Consider the following case, of Stephanie Lenz, who made a home video of her 13-month-old son dancing to Prince’s song “Let’s Go Crazy” and then posted the 29-second video on YouTube:
In August 2008 U.S. District Judge Jeremy Fogel of San Jose, California ruled that copyright holders cannot order a deletion of an online file without determining whether that posting reflected “fair use” of the copyrighted material. The case involved Stephanie Lenz, a writer and editor from Gallitzin, Pennsylvania, who made a home video of her 13-month-old son dancing to Prince’s song Let’s Go Crazy and posted the 29-second video on YouTube. Four months later, Universal Music, the owner of the copyright to the song, ordered YouTube to remove the video enforcing the Digital Millennium Copyright Act. Lenz notified YouTube immediately that her video was within the scope of fair use, and demanded that it be restored. YouTube complied after six weeks, not two weeks as required by the Digital Millennium Copyright Act. Lenz then sued Universal Music in California for her legal costs, claiming the music company had acted in bad faith by ordering removal of a video that represented fair-use of the song. Warner Music Group has followed suit, ignoring fair-use and deleting any video with music that they have rights over—no matter how big or small the audio clip is.
from Wikipedia entry on Fair Use.
Under Section 107 of the Copyright Act 1976, allowance is made for “fair use” for purposes such as criticism, comment, news reporting, teaching, scholarship, and research. Fair use is a use permitted by copyright statute that might otherwise be infringing. Non-profit, educational or personal use tips the balance in favour of fair use. There are variations from country to country, but in almost every case I have researched, allowances are made for “fair use” of copyrighted material. However, in practice, this hasn’t been the case whatsoever. Each time I post something from YouTube, I get this sensation that I’m pointing a big finger at somebody.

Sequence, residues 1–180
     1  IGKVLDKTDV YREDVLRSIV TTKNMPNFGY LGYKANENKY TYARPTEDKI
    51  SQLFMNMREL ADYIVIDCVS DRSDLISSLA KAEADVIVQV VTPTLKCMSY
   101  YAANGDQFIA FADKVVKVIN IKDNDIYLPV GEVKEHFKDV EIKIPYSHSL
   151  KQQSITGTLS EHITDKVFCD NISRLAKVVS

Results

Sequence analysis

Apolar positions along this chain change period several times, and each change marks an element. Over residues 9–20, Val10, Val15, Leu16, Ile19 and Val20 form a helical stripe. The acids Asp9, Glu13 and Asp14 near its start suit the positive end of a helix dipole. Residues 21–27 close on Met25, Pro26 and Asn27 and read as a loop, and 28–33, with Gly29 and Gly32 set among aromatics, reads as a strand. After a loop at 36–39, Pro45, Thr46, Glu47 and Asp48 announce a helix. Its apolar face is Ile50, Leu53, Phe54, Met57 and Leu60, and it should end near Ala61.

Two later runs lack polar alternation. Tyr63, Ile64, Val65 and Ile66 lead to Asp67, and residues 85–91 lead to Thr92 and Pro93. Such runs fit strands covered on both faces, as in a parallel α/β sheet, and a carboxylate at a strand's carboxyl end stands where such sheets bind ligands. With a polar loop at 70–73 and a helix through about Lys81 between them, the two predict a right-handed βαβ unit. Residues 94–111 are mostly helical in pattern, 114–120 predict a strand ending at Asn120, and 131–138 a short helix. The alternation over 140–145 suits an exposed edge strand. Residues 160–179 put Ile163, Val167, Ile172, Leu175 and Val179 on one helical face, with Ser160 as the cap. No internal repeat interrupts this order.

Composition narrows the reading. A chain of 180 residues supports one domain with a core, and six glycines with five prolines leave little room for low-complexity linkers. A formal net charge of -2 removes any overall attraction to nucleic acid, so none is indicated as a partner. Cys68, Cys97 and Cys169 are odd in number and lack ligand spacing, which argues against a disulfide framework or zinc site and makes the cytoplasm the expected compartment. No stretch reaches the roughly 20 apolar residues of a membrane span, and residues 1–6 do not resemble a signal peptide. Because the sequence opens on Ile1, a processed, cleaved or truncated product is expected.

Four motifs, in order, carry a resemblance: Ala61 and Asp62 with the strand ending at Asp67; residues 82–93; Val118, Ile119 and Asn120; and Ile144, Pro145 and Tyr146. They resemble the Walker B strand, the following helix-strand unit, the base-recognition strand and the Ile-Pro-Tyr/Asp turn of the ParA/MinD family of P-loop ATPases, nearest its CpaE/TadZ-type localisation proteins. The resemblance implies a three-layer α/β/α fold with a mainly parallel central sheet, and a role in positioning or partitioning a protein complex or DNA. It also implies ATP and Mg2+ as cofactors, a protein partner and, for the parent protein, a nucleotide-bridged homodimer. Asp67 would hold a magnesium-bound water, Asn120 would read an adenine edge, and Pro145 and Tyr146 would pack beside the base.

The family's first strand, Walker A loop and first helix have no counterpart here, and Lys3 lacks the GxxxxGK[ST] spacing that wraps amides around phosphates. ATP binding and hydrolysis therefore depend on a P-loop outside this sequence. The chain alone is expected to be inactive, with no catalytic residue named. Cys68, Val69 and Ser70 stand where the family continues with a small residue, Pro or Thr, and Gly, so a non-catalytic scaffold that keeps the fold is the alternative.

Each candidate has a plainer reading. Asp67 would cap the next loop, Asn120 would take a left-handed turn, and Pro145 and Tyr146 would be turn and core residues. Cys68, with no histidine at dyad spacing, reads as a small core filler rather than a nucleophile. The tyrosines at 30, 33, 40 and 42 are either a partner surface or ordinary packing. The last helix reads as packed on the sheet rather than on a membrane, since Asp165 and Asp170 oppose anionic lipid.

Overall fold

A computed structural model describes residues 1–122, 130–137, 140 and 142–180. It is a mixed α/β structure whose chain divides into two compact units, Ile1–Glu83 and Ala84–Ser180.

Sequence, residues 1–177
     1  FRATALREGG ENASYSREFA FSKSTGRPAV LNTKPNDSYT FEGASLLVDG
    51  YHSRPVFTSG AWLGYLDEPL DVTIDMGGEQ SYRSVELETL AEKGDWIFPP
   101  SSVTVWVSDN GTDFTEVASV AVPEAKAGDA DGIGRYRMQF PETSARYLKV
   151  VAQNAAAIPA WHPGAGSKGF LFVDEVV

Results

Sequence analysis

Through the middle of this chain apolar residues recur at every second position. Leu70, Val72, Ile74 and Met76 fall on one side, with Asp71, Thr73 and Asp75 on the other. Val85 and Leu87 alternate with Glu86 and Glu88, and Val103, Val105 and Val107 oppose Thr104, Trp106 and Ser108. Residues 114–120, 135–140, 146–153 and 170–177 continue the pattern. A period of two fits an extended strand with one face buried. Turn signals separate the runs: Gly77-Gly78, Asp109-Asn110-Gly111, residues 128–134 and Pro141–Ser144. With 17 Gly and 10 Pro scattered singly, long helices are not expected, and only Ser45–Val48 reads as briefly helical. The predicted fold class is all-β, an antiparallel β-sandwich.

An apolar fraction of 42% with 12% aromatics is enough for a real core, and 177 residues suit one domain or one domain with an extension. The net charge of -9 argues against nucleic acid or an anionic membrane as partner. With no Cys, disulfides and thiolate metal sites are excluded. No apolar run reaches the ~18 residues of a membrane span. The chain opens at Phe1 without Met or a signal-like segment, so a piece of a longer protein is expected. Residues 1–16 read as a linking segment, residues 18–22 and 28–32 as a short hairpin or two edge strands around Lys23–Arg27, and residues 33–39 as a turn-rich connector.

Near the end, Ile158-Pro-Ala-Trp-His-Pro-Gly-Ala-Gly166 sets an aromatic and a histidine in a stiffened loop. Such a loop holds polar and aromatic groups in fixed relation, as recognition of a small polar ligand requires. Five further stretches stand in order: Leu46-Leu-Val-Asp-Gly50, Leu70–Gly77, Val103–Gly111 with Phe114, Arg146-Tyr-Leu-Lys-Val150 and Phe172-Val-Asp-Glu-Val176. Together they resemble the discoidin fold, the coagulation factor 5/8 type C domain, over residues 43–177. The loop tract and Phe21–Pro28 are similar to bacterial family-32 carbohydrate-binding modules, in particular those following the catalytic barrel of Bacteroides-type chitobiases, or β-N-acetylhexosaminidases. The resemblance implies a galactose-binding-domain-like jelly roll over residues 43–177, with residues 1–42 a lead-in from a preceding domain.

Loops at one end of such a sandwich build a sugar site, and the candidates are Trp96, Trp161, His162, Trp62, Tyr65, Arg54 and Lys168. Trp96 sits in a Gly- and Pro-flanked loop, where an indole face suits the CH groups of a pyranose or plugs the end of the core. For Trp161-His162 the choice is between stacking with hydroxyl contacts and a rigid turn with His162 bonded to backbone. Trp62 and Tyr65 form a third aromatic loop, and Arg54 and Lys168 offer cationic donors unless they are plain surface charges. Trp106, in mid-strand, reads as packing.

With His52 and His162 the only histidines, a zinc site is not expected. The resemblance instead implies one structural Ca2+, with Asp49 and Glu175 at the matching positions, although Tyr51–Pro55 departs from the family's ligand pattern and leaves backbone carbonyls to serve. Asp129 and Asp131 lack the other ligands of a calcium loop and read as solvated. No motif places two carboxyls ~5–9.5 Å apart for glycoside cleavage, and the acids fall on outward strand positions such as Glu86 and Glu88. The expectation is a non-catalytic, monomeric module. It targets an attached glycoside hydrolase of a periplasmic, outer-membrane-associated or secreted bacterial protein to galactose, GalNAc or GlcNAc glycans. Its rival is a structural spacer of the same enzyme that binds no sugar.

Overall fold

Since I’ve been posting at KUR I have noted a drastic increase in the draconian behavior of almost all copyright holders, especially the large corporate holders such as the ones mentioned earlier. As noted, they do not have a legal leg to stand on, but this doesn’t stop them from bullying YouTube to remove posts which are obviously “fair use”. Fighting these companies, is like punching an eclair (messy and pointless for most of us without the financial ability to sustain it). It’s my thought that besides that, we must stick together, and keep a eye on where our entertainment dollar is going. The way they take our money is a crying shame. It makes no difference if you are young or old. Common sense is our only hope. Snork, if you will, but they will get you if you are not looking. If it’s not one thing, it’s another. Learn to hate it every minute.
In this battle for fair use, who is scrutinizing the scrutinizer, the legion of corporate lawyers who spend their expensive hours hunting down fair use offenders until it hurts when they pee? Of course, it’s the aim of these corporations to “mess your mind up” and make us all “tow-the-line” while turning us all into little “cyborgs” with our smart phones “sticking out” of the sides of our heads.
Of course, they’ll just say they’re “doing work” for their client, “keeping it” in such a way as to insure their client’s legacy in the digital age. As usual, the robots at Rolling Stone couldn’t care less as long as these same corporations buy plenty of ad space
So, practice fair use, if you can, but best be sure not to offend the copyright holder and their high-priced lawyers because even the law being on your side is of no help as they “walk completely amok” over your rights. You are not alone. Sure, the radio may be broken, but your iPhone is working just fine.